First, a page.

It is well-known that separation is optimal for point-to-point channels and that the directed mutual information gives the capacity of channels with feedback. For ergodic channels, they show that for construction with distortion D the condition CFB > R(D) is necessary and sufficient, which shows that separation is optimal in this setting as well. For certain MACs which can be decomposed into a “multiplexer plus point-to-point” channel, they can show a similar result. In the talk they also looked at a binary MAC with stationary ergodic noise and feedback, and showed that separation is optimal there. Their results extend to mod-additive MACs.

  • Equivalence of LP Relaxation and Max-Product for Weighted Matching in General Graphs (Sujay Sanghavi)

    The problem of maximum weight matching in a graph with edge weights is to find the largest weight set of disjoint edges. One algorithm for doing this is max-product, which is an iterative message passing algorithm. The matching problem can also be posed as an integer program, which has a linear programming relaxation. Sujay shows that the performance of max-product is tied to the tightness of the LP — if the LP is tight then MP converges to the correct answer, and if the LP is loose then MP will not converge. This provides a nice guarantee of when MP will converge that ties together the iterative and linear-programming approaches to optimization on graphs. Clearly this has relations to decoding, but I’ll let Alex comment on those.

  • On the Duality and Difference Between Slepian-Wolf Coding and Channel Coding (Jun Chen, Da-ke He, Ashish Jagmohan, and Luis A. Lastras-Montano)

    This paper explored the similarities between channel coding and Slepian-Wolf coding. The comment made by Jun Chen at the talk was that the “difference” mentioned in the title is actually another kind of duality. By duality, they are referring to a kind of mirror pairing of the error exponents for source and channel coding. Using relations between linear coding strategies shows that nonlinear Slepian Wolf codes can strictly outperform linear codes.

  • On Network Interference Management (Aleksandar Jovicic, Hua Wang, and Pramod Viswanath)

    This paper looked at two basic interference patterns — one long range link causing problems for many short range links, and one long range link experiencing interference from many short links. The question is this — is orthogonalization/degree-of-freedom sharing/reuse optimal? They characterize the high SNR degree-of-freedom range for both scenarios using a multi-layer superposition coding scheme and use genie-aided converse arguments to get a “within one bit” characterization in the spirit of the Etkin/Tse/Wang approach to interference channels. In the latter interference model they also show that power control can get similar performance.

  • Capacity for Classes of Broadcast Channels with Receiver Side Information (Gerhard Kramer and Shlomo Shamai (Shitz))

    The channel model here is a broadcast channel where each user has as side information the other user’s message. The coding schemes used are nested lattice codes, and they show that they can get all capacity points — furthermore they can generalize their scheme to cost-constrained channels and coding for degraded message sets. At the end of the talk there was some very recent work by a student working with Gerhard (Wei Kang, I believe?) who showed a similar result for the case of general correlated sources with a certain kind of degraded side information at one receiver.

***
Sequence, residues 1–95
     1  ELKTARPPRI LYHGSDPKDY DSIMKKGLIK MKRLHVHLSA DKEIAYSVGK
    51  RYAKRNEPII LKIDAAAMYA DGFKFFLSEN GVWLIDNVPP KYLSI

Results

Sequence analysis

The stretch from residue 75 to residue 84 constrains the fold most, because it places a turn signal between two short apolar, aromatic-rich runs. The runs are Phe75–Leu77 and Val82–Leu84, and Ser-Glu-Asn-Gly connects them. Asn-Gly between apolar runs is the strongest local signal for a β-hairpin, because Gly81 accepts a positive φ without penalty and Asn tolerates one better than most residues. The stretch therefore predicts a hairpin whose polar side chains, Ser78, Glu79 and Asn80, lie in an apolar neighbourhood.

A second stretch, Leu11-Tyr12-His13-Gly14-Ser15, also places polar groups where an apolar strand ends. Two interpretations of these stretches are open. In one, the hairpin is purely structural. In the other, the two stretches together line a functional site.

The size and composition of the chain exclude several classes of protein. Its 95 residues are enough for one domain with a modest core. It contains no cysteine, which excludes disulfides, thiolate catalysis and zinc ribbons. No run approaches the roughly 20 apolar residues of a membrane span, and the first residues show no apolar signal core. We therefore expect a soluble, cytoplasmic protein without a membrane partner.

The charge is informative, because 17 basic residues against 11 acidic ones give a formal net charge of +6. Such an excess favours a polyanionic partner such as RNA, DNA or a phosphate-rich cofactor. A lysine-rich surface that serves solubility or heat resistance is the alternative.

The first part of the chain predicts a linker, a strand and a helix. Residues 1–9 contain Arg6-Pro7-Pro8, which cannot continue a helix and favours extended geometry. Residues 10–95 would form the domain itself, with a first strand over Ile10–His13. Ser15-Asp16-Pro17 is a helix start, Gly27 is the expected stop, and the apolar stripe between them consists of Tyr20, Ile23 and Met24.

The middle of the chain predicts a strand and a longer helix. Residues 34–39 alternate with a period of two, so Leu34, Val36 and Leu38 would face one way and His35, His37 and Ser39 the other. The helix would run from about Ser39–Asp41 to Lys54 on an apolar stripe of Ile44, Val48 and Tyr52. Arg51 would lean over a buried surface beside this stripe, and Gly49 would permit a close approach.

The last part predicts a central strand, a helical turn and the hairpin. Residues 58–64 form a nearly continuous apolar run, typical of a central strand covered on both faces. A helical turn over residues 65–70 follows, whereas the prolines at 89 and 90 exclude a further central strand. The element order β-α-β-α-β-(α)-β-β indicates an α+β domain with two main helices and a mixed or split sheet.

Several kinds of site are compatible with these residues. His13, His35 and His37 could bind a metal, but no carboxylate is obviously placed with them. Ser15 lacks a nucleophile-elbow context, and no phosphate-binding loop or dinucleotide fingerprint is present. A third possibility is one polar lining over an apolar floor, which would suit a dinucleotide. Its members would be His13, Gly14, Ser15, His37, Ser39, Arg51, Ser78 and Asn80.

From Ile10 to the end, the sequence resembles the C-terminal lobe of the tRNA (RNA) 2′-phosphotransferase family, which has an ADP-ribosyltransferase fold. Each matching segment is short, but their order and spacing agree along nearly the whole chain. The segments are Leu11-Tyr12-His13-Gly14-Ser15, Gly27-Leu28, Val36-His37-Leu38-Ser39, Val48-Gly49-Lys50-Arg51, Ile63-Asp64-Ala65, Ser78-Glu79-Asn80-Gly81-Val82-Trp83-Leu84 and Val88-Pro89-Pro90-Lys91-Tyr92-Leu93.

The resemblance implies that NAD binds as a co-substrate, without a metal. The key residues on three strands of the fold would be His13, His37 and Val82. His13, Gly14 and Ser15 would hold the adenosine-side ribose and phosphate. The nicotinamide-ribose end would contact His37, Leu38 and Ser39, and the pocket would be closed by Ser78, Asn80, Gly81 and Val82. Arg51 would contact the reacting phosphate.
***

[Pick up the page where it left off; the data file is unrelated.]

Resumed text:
• Successive Refinement of Vector Sources under Individual Distortion Criteria (Jayanth Nayak, Ertem Tuncel, Deniz Gunduz, and Elza Erkip)

    The problem here is to make a successive refinement code (if you get more of the codeword you can decode to lower distortion) for vector sources where we have a distortion constraint on each of the components of the code. If we look at a two sources (vectors of length 2) we can mark achievable distortion pairs (D1, D2) on the plane and ask “what kind of trajectory can we make with successive refinement codes? It turns out the answer is rather complicated — for Gaussian sources we get three regions and there are rules about what paths we can take.

  • On Cognitive Interference Networks (Amos Lapidoth, Shlomo Shamai (Shitz), and Michele A. Wigger)

    This is a follow-up to the ISIT paper, which focused on characterizing the pre-log of the sum-capacity of a certain interference network that looked like a chain. The “cognitive” aspect of the problem is that the transmitters know the message of their interfering neighbors. They can use some linear encoding to zero-force their own interference and then a number of results pop out — conditions on when the pre-log for K users can be K or K-1, necessary and sufficient conditions on the network for achieving K, and the fact that pre-log can be noninteger, unlike the case where no side information is available.

  • Reliable Communication in Networks with Multi-access Interference (Danail Traskov and Gerhard Kramer)

    Danail presented an interesting scheme for generating correlated messages in networks (with an eye to network coding, it seemed). As a simple example, a source transmitter sends rate-constrained messages to two relays who then communicate to the destination. This is similar to the Schein-Gallager network but without the broadcast component at the beginning. The source can correlate the messages at the relays, and in some cases they can get a capacity result. More importantly, the scheme scales to more general networks of MACs and has a nice “flow” interpretation.